Jenae Cohn

Jenae Cohn's Blog Posts

ATS Annex: Creating Simple and Sustainable Online Writing Courses

“I live on the Internet now,” I often said to people this summer. In truth, the Internet has long been where I’ve spent the bulk of my time, a fact that likely comes as little surprise to anyone who knows that my job is dedicated to understanding how we learn, read, and write online. But in a moment where PWR pivoted rapidly to online learning, where the world, in fact, is roiling through a constant state of unexpected twists and turns, I felt even more fully invested in understanding how to make online spaces feel like home spaces. 

Pen, Crayon, Smartphone: Exploring How Materials Shape Content and Writing Practice

Overview: This activity invites students to explore how materiality affects content through responding to a writing prompt using different sets of writing materials.

Activity title: Pen, Crayon, Smartphone: Exploring How Materials Shape Content and Writing Practice

Author: Russ Carpenter, Jenae Cohn, and Cassie Wright

Course: PWR 1 or PWR 2

Rhetorically Speaking: A New PWR Podcast

Photo by Christine Alfano of Cassie Wright, Jenae Cohn, and Jake Warga getting ready to record an interview for Episode 1.

Here in PWR, we are experts at writing and speaking about what rhetoric is and why it matters for our students. But what might happen if we take those conversations about rhetoric and writing and communicate them in the form of a podcast?

ATS Annex: What Sewing a Book Taught Me About Teaching with Technology

Twenty folded pages of paper. A spool of waxed thread. A rounded needle. Two cardboard covers. A ruler. These were the technologies I had for composing as part of a National Endowment for the Humanities summer institute I was invited to join, called The Book: Material Histories and Digital Futures. Along with a group of twenty other scholars from across the nation, we engaged in regular “making” workshops where we would pick up that thread and those papers to experiment with creating new book forms. And every single time we would begin, a wave of dread washed over me.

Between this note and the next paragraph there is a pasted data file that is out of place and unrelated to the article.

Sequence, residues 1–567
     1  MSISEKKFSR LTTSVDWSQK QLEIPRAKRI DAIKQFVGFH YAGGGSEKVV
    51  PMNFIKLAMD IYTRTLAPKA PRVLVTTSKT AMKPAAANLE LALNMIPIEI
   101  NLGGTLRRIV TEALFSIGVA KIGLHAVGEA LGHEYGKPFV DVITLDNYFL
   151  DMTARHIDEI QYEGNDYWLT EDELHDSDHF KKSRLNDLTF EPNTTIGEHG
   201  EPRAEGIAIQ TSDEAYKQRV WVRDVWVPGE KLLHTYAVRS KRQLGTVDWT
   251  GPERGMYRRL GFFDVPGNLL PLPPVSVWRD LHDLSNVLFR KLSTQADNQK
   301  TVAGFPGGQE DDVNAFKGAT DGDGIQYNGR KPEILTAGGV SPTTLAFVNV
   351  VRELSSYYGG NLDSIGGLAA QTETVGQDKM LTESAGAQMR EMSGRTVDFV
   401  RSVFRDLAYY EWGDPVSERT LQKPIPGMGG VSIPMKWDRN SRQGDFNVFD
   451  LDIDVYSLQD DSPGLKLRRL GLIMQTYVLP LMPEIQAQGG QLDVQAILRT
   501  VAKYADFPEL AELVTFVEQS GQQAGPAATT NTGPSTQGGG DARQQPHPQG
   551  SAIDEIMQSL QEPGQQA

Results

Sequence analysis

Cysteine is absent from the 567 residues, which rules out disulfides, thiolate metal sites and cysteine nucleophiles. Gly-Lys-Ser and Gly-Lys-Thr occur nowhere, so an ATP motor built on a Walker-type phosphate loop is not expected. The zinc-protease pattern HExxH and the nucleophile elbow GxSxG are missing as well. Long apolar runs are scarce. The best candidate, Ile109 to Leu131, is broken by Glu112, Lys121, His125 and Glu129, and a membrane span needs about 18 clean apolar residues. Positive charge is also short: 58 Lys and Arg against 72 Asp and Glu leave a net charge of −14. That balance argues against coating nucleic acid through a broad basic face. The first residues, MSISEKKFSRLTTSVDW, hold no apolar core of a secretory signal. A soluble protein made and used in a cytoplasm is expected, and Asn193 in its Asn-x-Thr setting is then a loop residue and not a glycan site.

Teaching "Storytelling and Science": An Interview with Kim Savelson

The PWR Newsletter team had the pleasure of interviewing Dr. Kim Savelson about her new PWR 91 course, "Storytelling and Science," which she taught in spring quarter 2018. Learn more about how Kim and her students debated the definition of "story," found their own compelling science stories, and discovered the rewards and challenges of crafting powerful stories.

Exploring and Narrowing Research Topics with Yewno

Overview: When students pick a research topic for the first time, they may not know where to begin in their research process. This activity invites students to pick a key term or phrase from their research and use a software application available through Stanford Libraries, Yewno, to explore associated keywords or ideas with a central research topic. Students will finish the activity with a new list of keywords, key people, or key places to investigate as they delve further into their research.

Exquisite Corpse Topic Narrowing Activity

Overview: Writers often get stuck in a certain way of thinking about their research projects, which may make it challenging for them to make revisions or to understand the next directions for their projects. In this activity, students engage in an "exquisite corpse"-style activity, where they will get to pass around their research topic idea and see how other students in the room understand, interpret, illustrate, and expand upon it.

Dr. Cristina Ramírez On Barrio Rhetorics of Belonging

“If we look closely and engage in rhetorical listening, we can find precarious spaces located in the everyday,” Dr. Cristina Ramírez of University of Arizona suggested during her talk at a PWR program meeting on Friday, April 20th. Indeed, Ramírez’s talk, “Barrio Rhetorics of Belonging: Recovering and Historicizing Hidden Rhetorics from Precarious Spaces,” takes on a project that involves not only listening, but also transcribing and translating from the archives of Mexican women writing in precarious times.

Two Heads Are Better Than One: Collaborations in PWR

In writing classes, we often encourage students to collaborate with their peers on developing research ideas, refining their prose, and clarifying their arguments. As instructors, we benefit from collaborating with our peers too, and in PWR, several instructors have developed fruitful collaborations both within and outside of the program to help improve their students’ learning experiences.